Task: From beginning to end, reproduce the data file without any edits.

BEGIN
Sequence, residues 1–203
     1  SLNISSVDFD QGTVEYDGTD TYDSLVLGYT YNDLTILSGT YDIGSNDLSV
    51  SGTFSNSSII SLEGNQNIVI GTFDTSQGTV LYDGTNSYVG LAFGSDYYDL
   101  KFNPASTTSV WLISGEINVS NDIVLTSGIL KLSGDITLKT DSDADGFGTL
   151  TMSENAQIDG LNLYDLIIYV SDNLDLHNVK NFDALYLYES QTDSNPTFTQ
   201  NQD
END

Sequence, residues 1–203
     1  SLNISSVDFD QGTVEYDGTD TYDSLVLGYT YNDLTILSGT YDIGSNDLSV
    51  SGTFSNSSII SLEGNQNIVI GTFDTSQGTV LYDGTNSYVG LAFGSDYYDL
   101  KFNPASTTSV WLISGEINVS NDIVLTSGIL KLSGDITLKT DSDADGFGTL
   151  TMSENAQIDG LNLYDLIIYV SDNLDLHNVK NFDALYLYES QTDSNPTFTQ
   201  NQD